Grass-like plant, discovered in Ponmudi, has been named Fimbristylis agasthyamalaensis
Researchers from the University College here have reported the discovery of a new plant species from the Western Ghats biodiversity hotspot. Classified as sedge, the grass-like plant has been named Fimbristylis agasthyamalaensis, after the locality from which it was found.
The authors have recommended a preliminary conservation assessment of the plant as ‘critically endangered,’ according to IUCN criteria. The report says the species is highly prone to wild grazing.
As the habitat falls within a tourism spot and the perimeter of a place of worship, the plant is also subject to anthropogenic pressures that could lead to its extinction in the absence of scientific conservation.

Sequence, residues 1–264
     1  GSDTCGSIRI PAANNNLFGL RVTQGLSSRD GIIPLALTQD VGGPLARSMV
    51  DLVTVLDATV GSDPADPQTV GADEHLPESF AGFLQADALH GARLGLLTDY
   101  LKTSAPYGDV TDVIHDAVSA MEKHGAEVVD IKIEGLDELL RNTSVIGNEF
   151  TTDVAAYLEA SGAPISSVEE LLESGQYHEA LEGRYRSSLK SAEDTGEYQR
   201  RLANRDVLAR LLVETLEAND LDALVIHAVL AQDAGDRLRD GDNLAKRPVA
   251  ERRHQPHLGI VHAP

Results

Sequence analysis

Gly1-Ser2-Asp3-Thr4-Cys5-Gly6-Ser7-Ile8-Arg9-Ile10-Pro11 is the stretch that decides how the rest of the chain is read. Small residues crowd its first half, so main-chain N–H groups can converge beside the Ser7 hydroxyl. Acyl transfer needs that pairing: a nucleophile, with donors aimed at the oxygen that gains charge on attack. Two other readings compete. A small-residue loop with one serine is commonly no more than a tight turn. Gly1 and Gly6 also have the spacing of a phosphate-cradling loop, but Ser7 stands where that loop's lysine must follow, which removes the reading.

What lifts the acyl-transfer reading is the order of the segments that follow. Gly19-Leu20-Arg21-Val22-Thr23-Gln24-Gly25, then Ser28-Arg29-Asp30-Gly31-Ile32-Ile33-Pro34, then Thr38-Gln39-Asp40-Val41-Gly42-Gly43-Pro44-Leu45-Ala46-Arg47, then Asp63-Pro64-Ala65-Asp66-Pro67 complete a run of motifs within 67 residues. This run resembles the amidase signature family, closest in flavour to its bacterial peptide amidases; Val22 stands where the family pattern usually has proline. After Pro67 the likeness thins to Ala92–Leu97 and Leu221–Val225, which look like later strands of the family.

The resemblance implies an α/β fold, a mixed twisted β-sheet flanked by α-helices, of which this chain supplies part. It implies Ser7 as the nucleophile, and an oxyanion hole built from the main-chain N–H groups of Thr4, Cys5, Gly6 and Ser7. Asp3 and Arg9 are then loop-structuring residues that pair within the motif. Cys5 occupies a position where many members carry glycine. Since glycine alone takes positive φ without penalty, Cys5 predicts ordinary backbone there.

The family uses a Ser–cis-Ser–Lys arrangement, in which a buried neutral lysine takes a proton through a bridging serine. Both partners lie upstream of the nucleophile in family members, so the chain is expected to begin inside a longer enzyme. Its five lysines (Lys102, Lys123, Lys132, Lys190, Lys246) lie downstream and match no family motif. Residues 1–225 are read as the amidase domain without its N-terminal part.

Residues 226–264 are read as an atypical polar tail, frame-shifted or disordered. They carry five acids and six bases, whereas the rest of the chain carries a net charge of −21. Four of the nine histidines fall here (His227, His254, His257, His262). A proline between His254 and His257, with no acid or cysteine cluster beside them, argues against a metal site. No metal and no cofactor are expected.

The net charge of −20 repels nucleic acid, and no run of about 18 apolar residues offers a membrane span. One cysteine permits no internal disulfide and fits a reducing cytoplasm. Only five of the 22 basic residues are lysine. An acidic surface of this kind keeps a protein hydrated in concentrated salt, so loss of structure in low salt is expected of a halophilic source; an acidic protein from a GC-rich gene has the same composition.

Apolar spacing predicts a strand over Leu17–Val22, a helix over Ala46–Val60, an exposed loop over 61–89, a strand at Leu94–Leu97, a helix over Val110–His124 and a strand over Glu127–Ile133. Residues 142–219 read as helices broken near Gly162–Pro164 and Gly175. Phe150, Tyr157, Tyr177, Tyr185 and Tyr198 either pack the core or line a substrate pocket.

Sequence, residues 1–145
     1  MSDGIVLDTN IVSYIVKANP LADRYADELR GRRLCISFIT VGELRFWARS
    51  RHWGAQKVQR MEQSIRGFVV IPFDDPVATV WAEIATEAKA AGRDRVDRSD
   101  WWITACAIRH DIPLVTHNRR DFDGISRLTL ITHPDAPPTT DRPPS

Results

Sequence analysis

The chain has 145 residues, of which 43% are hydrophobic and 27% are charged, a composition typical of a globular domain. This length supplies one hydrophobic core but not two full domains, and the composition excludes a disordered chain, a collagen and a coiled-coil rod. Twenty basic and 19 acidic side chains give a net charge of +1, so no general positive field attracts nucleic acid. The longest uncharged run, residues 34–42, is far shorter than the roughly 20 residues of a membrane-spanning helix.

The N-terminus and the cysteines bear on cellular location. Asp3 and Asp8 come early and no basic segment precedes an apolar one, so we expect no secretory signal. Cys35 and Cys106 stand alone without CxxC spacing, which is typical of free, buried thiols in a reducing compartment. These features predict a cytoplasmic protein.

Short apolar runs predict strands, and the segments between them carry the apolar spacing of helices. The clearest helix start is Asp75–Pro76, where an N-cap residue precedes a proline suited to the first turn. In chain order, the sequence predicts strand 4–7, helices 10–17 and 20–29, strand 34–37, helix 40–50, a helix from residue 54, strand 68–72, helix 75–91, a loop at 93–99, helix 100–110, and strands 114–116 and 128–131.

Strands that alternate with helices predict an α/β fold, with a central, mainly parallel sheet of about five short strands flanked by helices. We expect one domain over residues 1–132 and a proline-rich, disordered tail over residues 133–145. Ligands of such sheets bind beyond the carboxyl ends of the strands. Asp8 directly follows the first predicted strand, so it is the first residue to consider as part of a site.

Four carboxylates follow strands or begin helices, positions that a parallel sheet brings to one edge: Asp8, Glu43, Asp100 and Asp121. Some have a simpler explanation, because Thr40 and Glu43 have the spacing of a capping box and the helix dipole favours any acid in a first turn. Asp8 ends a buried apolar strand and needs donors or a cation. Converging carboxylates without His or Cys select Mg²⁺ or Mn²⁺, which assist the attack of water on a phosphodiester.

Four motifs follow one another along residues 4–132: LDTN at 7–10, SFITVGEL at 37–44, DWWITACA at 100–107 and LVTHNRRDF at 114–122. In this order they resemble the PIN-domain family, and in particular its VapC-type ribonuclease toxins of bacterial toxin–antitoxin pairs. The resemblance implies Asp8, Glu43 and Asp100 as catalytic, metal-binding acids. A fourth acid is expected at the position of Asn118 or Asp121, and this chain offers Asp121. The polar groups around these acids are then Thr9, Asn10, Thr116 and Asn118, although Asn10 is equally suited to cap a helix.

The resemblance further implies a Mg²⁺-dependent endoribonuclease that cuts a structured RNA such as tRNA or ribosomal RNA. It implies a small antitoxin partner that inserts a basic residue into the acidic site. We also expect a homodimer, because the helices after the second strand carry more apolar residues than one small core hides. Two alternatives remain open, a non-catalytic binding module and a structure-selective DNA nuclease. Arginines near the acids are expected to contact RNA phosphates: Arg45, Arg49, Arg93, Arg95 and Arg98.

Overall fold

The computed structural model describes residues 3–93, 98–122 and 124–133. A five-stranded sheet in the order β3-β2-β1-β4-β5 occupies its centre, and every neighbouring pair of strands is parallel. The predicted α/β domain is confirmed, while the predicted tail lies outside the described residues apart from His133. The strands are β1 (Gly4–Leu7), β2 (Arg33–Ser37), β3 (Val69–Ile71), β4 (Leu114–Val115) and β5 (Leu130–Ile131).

The new species belongs to the Cyperaceae family. In India, the genus is represented by 122 species, of which 87 are reported from the Western Ghats. Many of the known Cyperaceae species are medicinal plants or used as fodder.
During a critical analysis of the specimens, F.agasthyamalaensis was found to be similar to F.onchnidiocarpa in several characters including the nature of inflorescence. But detailed studies revealed distinct features which led to the conclusion that it is a new species.
The authors have stressed the need for more scientific studies to determine the potential uses of the new species.